Baghdadi exhorts angsty young men to “erupt volcanoes of jihad everywhere.” Zawahiri offers lessons on political theory.
Zawahiri’s video is not how you beat the Islamic State.
None of this is terribly surprising. When bin Laden died, numerous experts noted that Zawahiri lacked his predecessor’s charisma and leadership skills and was prone to infighting and pedantry. What he had instead was deep expertise in survival: Zawahiri formed his first terrorism cell as a teenager, and in the decades since has survived the hammer of Egypt’s counterterrorism, infighting within the jihadi movement, and an aggressive U.S. drone campaign. Running an effective organization today is hard, as he and his senior lieutenants can’t communicate or meet in large numbers without being on the receiving end of a Hellfire missile. (Which makes the fact that Zawahiri recorded his most recent statement pledging support for the new Taliban emir on the exact same day the Taliban issued their statement formally announcing Mullah Mansour’s coronation particularly interesting, as it suggests the lines of communication between the Taliban leadership and Zawahiri are not being disrupted at all. Perhaps it’s not all that hard to communicate with someone when you live in the cave next door.)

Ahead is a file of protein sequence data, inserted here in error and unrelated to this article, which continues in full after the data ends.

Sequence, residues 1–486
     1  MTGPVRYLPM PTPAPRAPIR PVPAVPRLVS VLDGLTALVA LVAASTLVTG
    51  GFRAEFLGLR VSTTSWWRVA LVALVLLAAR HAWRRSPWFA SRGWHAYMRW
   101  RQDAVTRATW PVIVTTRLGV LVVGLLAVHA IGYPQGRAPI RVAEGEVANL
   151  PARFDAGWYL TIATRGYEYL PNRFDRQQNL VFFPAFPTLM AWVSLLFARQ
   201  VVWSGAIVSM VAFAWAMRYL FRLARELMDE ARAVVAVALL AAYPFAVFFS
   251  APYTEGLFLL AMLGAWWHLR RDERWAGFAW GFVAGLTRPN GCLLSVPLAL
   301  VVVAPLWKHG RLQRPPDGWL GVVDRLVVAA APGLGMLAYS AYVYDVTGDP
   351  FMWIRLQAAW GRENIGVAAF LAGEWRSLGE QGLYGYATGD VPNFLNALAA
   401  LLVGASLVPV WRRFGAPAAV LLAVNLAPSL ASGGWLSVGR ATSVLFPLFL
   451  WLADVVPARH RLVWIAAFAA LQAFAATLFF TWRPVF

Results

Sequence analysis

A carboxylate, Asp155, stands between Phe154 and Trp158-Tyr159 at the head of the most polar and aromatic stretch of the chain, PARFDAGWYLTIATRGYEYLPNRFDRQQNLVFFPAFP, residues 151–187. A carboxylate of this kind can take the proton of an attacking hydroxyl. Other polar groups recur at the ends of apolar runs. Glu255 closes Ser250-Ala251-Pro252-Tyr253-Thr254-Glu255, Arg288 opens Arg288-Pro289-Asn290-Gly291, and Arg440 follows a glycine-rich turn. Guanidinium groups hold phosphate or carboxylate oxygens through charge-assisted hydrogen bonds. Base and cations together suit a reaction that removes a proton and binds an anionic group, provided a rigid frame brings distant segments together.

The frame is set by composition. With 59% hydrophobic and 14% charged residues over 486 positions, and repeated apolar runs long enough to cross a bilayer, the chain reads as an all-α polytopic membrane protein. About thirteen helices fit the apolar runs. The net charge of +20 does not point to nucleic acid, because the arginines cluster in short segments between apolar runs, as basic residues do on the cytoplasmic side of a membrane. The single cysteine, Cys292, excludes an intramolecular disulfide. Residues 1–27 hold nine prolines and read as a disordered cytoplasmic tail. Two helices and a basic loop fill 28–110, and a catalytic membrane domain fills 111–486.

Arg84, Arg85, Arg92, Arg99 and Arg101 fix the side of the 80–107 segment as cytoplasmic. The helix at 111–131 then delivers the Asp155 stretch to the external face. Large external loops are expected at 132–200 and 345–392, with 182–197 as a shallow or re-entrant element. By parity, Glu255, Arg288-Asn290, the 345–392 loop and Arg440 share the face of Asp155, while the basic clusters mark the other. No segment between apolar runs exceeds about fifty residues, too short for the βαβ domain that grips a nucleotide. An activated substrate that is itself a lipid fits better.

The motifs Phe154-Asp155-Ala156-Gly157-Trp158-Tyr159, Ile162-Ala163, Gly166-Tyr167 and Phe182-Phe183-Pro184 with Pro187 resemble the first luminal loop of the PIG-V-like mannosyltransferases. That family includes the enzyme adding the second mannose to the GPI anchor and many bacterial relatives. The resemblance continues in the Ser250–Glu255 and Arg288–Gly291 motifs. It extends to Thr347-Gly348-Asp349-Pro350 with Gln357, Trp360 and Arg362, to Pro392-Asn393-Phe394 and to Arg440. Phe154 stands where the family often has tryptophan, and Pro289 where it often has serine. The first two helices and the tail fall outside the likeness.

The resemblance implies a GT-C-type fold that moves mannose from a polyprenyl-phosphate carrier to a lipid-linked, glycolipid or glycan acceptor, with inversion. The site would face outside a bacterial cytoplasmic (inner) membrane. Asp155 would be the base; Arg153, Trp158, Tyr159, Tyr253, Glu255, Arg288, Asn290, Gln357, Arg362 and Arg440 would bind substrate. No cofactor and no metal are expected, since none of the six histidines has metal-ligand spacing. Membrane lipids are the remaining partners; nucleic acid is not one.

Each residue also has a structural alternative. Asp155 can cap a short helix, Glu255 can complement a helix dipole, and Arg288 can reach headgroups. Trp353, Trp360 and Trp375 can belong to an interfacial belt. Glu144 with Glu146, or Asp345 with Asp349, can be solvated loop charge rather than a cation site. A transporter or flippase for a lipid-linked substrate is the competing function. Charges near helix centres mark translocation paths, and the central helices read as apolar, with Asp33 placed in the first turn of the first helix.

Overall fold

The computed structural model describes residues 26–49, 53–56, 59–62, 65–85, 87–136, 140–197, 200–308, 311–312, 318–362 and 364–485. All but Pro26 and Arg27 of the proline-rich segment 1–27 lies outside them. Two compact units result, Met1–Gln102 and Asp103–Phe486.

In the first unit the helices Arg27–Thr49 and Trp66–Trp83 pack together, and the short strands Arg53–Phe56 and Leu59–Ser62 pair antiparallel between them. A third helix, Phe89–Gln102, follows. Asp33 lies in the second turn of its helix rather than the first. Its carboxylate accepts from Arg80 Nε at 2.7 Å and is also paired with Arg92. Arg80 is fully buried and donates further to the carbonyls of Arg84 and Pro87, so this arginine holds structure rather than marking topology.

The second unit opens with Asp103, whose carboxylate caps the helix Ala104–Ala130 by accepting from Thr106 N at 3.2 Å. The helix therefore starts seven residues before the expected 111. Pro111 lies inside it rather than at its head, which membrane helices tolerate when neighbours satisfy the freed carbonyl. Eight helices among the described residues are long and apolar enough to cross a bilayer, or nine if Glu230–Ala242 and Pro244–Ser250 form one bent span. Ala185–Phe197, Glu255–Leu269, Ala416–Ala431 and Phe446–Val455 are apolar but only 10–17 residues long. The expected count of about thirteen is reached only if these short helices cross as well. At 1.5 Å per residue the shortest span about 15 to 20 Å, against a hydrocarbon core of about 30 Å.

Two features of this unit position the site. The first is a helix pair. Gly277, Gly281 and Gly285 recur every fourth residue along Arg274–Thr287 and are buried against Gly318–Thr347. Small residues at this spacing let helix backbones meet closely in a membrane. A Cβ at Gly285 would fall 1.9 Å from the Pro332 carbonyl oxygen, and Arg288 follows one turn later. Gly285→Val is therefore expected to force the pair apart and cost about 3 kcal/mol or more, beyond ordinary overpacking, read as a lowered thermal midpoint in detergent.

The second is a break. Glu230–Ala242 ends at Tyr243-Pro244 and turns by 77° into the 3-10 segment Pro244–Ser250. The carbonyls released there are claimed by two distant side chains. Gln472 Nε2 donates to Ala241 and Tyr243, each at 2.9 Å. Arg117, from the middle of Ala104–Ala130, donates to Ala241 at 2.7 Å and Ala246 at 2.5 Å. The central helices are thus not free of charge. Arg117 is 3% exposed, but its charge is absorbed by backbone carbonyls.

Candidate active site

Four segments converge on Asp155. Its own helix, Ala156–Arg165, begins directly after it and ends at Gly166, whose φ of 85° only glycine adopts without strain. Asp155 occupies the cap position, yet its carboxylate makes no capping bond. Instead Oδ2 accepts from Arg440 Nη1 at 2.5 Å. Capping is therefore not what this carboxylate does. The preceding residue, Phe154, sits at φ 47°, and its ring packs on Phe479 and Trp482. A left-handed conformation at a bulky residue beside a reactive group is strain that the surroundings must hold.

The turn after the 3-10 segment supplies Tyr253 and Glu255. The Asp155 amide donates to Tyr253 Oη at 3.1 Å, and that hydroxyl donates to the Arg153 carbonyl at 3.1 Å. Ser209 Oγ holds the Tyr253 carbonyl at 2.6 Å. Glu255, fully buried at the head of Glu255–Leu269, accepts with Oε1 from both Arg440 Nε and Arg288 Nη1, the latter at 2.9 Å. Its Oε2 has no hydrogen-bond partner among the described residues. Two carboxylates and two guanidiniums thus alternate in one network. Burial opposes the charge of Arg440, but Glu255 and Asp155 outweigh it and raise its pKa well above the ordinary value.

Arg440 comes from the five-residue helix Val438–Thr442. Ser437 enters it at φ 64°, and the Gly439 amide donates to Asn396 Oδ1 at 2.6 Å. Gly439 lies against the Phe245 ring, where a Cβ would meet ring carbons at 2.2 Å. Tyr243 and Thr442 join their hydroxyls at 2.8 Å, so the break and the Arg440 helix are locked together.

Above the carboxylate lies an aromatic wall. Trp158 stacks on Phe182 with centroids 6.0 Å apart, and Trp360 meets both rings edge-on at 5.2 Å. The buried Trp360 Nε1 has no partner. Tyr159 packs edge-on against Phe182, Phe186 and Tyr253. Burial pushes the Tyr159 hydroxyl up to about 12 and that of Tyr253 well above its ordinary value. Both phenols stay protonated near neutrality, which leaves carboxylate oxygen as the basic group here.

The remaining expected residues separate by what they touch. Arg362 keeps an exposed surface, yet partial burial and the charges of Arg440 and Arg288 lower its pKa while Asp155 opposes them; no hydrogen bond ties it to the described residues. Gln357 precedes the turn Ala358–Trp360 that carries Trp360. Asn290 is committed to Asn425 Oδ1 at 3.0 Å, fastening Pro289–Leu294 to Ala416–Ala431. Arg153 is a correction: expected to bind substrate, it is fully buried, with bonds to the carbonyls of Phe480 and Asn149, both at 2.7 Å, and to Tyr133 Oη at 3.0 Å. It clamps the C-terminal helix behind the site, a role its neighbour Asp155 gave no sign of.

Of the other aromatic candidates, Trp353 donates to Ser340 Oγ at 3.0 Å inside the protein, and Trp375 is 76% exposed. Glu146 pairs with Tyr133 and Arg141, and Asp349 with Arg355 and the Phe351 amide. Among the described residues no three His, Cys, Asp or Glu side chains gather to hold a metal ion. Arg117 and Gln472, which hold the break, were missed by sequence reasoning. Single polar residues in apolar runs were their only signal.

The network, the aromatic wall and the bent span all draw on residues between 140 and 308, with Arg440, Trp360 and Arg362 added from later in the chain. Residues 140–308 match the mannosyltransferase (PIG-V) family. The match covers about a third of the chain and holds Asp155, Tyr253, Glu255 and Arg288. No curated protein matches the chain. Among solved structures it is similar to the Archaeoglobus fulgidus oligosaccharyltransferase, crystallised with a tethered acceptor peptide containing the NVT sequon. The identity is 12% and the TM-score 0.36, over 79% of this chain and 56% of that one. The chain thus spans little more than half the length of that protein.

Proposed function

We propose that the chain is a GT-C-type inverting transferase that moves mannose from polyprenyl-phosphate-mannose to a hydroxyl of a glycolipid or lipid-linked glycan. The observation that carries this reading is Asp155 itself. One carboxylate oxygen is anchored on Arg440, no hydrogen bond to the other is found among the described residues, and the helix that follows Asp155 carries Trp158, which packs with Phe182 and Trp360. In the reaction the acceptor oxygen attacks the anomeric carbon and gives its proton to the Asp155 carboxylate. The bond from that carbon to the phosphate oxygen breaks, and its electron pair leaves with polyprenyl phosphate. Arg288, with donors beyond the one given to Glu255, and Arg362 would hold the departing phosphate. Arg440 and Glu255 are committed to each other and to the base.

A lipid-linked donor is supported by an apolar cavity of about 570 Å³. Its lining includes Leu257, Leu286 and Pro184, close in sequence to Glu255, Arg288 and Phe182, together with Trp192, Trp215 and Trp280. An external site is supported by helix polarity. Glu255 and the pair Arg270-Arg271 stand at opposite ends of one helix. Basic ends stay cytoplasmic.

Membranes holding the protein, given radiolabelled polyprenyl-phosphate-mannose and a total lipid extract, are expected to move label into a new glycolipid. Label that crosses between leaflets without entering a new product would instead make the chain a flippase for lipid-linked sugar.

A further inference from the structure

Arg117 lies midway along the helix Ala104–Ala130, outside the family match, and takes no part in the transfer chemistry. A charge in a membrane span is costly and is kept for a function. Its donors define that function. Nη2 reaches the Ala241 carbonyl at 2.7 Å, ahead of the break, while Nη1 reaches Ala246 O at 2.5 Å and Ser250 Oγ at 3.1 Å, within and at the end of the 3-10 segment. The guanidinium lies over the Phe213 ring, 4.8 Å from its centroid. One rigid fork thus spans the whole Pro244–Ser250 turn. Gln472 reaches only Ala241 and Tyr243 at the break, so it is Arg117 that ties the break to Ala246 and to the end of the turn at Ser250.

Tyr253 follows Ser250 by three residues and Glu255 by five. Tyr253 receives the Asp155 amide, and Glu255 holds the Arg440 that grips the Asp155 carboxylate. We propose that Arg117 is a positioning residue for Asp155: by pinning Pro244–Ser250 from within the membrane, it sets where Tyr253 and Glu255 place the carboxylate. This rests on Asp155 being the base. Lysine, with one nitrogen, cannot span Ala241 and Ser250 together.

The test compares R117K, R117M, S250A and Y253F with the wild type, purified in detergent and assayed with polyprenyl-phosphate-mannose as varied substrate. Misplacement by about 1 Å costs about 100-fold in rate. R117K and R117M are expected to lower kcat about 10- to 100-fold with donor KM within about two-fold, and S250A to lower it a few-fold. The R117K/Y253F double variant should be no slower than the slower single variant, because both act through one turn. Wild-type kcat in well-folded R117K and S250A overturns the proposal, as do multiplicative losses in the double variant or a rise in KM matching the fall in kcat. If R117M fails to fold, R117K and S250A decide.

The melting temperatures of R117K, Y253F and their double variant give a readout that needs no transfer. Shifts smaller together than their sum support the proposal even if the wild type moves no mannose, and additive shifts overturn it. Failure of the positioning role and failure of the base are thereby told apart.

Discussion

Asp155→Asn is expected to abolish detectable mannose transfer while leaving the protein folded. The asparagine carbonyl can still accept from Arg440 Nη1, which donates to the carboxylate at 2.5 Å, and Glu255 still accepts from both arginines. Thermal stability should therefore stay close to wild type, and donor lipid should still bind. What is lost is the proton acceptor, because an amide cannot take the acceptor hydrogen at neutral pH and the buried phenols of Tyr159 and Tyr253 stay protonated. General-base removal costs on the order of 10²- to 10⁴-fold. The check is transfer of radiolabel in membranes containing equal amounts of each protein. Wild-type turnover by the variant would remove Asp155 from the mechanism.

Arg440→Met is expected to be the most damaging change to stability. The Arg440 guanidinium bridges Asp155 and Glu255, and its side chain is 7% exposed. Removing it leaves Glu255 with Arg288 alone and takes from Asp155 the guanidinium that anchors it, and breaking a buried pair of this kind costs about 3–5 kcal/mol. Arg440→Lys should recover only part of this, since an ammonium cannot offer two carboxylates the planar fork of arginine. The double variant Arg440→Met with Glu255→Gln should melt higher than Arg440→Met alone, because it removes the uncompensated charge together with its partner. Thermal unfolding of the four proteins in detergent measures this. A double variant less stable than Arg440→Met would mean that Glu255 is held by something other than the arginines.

So Zawahiri survives and al Qaeda survives. But surviving is not the same as prospering.
Al Qaeda still exists, and its operatives still plot against the West. But during Zawahiri’s tenure the results have been pathetic. Since he took over the group in 2011, the core al Qaeda has conducted not one successful attack in the United States or Europe. Those few terrorist attacks that did succeed were conducted by al Qaeda affiliates acting independently, or Islamic State adherents, not Zawahiri and his chief lieutenants.
Yet Zawahiri remains vital to al Qaeda. He is the last senior figure of the al Qaeda old guard that came of age fighting in the anti-Soviet jihad in Afghanistan alongside bin Laden. Most of the group’s original leaders are dead, and a few, like the Egyptian theologian Dr. Fadl, have rejected violence and condemned al Qaeda. A new generation might take up the torch upon Zawahiri’s death, but none have his name recognition or credibility.